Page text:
Modelling Late Oligocene C4 grasses and climate

Evidence suggests that C4 grasses, adapted to conditions of low CO2, high temperatures, and water-stressed environments, expanded relatively quickly, and in several geographically distinct regions, during the Late Miocene (approximately 9–7 Ma). Using a variety of modelling tools, we attempt to explain this expansion in terms of changes in global climate. We use a fully coupled atmosphere–ocean General Circulation Model (AOGCM, HadCM3L) to simulate global climate before and after the expansion (the Late Oligocene, 27 Ma, and pre-industrial). We then use the simulated climates to drive a process-based global vegetation model (LPJ). Contrary to indications from palaeo data, the vegetation model predicts a greater C4 distribution during the Late Oligocene than the pre-industrial. The principal reason for this is that the relatively high tropical temperatures which we predict for the Late Oligocene confer a competitive advantage on C4 grasses over C3 grasses which outweighs the disadvantage imposed by the higher CO2 concentrations. We find that this result is robust to prescription of different CO2 levels in the Late Oligocene AOGCM simulation, and to the vegetation model used. Of the several possible explanations proposed for the model-data discrepancy, three seem most likely. First, that the vegetation models do not adequately represent certain processes under extreme climate conditions, such as fire disturbance, or key parameters related to the competition between C3 and C4 grasses. Second, that there existed an evolutionary niche for C4 grasses prior to their expansion in the Late Miocene, which for some reason was not filled. Third, that we have not adequately modelled the Late Oligocene climate with the AOGCM. Future research should concentrate on the collection and analysis of additional data for the assessment of palaeo tropical land temperatures, and on further testing of the sensitivity of the AOGCM results.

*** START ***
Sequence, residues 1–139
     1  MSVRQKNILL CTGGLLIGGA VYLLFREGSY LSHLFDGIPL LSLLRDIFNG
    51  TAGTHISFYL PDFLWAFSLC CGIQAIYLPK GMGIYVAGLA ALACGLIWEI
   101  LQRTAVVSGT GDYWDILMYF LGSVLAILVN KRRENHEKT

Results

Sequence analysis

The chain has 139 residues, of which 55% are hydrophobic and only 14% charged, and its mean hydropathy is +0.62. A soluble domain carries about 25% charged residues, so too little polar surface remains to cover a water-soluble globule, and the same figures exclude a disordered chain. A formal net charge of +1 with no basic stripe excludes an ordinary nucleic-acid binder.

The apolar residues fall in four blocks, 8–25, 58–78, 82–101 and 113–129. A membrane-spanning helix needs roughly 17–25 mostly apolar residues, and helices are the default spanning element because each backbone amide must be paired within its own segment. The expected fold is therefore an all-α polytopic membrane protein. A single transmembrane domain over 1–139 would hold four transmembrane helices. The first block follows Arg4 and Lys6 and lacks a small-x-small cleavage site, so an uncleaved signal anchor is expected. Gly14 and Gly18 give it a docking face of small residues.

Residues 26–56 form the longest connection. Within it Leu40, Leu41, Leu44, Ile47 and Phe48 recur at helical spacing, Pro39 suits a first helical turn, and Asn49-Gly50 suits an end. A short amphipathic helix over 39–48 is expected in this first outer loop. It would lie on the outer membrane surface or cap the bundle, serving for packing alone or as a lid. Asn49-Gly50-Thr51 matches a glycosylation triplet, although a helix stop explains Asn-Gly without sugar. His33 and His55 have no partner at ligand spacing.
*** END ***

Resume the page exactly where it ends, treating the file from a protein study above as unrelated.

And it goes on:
Publication status:
Authors: Lunt, Daniel J., Ross, Ian, Hopley, Philip J., Valdes, Paul J.

1 January, 2007
Palaeogeography, Palaeoclimatology, Palaeoecology / 251
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